WINDHOEK – A fly-by night manganese miner owing workers more than N$1.6 million in salaries reportedly vanished into thin air after extracting enough minerals for self-enrichment at a site in the Hochfeld area in the Otjozondjupa Region.
Namib Manganese Mine, a subsidiary of Sino Africa Resources, which employed over 40 workers to dig manganese deposits since 2012, apparently took flight after it was instructed by the Labour Court last year to pay the employees overdue monthly salaries and leave days owed to them.
According to the company’s former employees, Markus Makaza and Alfons Kavehaha, most of the site operation managers were from Britain, Senegal and India and their last whereabouts were apparently traced to South Africa.
Workers demanded to be paid, but there seems little that the company can do, as the managers seem to have fled the country.
Makaza says he started working for Namib Manganese in 2012, as a deputy manager who recruited other workers.
“We were told that if we dig enough stones, we will receive a production bonus,” he said, adding that many of them worked slave hours for the months of August and September 2013 and found the ‘stones’, which they crushed.
The company apparently ordered a truck to export the minerals.
“When we asked about our production bonus, they started insulting us and then suspended me, claiming that I was instigating the workers,” related Makaza, adding that he had to wait until January 2014 to get his salary.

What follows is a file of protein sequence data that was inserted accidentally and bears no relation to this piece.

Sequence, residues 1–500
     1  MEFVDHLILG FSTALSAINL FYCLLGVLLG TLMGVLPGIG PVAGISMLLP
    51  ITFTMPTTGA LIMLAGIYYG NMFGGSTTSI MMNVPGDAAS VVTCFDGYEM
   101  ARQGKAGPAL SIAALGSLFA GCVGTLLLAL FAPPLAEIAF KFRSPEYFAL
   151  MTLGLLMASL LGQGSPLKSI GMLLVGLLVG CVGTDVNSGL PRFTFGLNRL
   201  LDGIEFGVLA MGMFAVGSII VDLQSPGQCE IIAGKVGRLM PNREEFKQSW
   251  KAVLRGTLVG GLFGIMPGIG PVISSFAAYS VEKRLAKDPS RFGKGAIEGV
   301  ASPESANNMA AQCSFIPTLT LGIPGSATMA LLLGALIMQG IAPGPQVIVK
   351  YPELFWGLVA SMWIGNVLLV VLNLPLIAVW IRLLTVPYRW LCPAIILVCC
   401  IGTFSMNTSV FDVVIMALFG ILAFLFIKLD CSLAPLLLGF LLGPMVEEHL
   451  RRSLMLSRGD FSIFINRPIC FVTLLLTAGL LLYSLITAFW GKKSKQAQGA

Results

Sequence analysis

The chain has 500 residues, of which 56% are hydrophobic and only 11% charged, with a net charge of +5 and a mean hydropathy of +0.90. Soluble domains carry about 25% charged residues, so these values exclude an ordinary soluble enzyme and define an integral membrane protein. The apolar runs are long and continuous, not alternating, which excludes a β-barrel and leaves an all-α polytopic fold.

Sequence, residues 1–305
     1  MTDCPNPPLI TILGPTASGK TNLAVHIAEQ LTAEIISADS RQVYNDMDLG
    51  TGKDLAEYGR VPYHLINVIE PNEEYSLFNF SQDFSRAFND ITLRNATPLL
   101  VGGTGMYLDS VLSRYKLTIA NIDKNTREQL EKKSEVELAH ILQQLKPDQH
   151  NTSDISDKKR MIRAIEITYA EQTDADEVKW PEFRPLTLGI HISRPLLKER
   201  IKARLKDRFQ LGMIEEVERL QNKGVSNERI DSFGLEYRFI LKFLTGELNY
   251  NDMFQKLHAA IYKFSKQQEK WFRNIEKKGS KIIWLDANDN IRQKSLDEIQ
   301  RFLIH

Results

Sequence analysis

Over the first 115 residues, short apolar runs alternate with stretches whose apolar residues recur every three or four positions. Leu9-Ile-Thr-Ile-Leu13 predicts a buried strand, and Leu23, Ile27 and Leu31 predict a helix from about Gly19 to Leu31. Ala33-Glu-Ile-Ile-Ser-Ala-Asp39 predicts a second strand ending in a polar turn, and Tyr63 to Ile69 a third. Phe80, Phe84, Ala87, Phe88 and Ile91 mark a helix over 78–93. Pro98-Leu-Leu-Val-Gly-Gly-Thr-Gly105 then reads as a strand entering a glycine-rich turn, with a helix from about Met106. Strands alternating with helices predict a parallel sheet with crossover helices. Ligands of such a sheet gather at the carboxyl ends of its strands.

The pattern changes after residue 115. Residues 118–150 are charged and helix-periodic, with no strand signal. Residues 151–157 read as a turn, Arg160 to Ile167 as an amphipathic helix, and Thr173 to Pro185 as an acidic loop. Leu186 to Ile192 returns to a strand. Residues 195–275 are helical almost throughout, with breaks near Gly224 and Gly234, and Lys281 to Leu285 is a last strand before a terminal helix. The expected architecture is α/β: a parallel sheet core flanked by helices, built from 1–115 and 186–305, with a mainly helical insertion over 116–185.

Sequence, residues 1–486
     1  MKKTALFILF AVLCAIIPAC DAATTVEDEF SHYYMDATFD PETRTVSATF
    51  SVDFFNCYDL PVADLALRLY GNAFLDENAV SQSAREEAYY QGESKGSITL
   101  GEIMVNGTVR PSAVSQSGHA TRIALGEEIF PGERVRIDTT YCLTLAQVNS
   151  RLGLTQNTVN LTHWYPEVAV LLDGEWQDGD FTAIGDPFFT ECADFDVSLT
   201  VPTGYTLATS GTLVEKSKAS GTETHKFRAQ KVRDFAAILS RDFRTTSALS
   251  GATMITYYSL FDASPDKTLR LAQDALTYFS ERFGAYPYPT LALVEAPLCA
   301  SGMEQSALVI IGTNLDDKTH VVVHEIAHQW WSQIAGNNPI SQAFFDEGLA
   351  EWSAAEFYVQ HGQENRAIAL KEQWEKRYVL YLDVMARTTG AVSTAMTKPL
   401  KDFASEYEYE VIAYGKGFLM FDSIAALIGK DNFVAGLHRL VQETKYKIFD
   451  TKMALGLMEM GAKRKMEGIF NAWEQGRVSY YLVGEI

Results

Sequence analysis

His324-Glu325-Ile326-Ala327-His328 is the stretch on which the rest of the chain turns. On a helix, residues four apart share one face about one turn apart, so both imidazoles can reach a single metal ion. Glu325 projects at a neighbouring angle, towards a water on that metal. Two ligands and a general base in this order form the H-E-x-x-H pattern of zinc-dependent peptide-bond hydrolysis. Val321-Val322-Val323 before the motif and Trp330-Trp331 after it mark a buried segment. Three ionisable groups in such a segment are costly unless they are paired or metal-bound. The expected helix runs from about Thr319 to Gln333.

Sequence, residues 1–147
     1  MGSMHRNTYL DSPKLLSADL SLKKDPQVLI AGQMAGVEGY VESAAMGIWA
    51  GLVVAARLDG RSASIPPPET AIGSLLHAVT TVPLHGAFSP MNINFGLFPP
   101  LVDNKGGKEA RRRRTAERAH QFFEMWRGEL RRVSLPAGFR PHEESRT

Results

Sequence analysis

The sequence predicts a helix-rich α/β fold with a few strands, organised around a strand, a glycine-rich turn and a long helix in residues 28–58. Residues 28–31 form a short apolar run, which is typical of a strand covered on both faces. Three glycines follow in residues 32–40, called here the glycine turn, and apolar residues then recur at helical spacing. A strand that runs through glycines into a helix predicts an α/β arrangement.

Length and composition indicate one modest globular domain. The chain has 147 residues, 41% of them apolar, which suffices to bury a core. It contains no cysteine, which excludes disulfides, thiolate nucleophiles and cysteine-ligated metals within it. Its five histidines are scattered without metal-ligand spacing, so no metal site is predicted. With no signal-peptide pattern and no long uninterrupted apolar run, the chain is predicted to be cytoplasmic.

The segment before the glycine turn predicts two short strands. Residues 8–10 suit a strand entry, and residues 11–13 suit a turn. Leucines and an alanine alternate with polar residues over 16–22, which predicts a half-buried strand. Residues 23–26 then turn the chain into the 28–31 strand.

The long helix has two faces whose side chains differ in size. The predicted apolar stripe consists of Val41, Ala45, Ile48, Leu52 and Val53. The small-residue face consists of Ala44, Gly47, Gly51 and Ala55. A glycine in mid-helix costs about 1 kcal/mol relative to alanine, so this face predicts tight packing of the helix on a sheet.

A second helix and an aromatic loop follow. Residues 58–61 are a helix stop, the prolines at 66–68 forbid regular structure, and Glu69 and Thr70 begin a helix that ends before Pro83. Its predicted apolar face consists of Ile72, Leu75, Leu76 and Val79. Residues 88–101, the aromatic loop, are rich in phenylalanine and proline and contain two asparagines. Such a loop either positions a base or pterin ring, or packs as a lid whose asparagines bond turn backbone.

But in March that year, Makaza was apparently recalled and they were told to dig 1 500 tonnes of manganese deposits, which they did.
“They promised us that everything was in order and that the company had acquired N$60 million for operations and N$500 000 for salaries,” said Makaza.
But to their shock and surprise, the company’s general manager Louis Neethling apparently told them that Namib Manganese has been taken over by Sino Africa and the workers should sign a six-week contract.
Kavehaha said that they then called the Mineworkers Union of Namibia (MUN), to whom they are affiliated, which told them not to sign the contract.
In the meantime, the mining company had apparently also cut 18 workers without proper notice.
“We asked them where is the notice, but they just said there no more work,” said Kavehaha, adding the 18 workers did not get a salary for May.
He said that those workers who remained were sent on a ‘pay-weekend’ in June, but when they were returned, the company had apparently already packed up everything and had transported 2 500 tonnes of manganese deposits and left.
In a letter seen by New Era, the Ministry of Labour and Social Welfare instituted a criminal case against Sino Africa and Namib Manganese in November last year for violation of the Labour Act.
Attempts to reach Namib Manganese Mine’s directors and owners, one Neethling and Adam Piper and Sino Africa’s directors or owners, Jagdish Parekh and T. Smith and Jeremy Green were all in vain as the numbers were off or cut off.
Secretary general of the Mineworkers Union of Namibia (MUN), Ebben Zarondo, said that while the union was in negotiations with the company, they shipped all their mining equipment to South Africa.
“Now, the case is with the Prosecutor General to follow them to South Africa,” he said.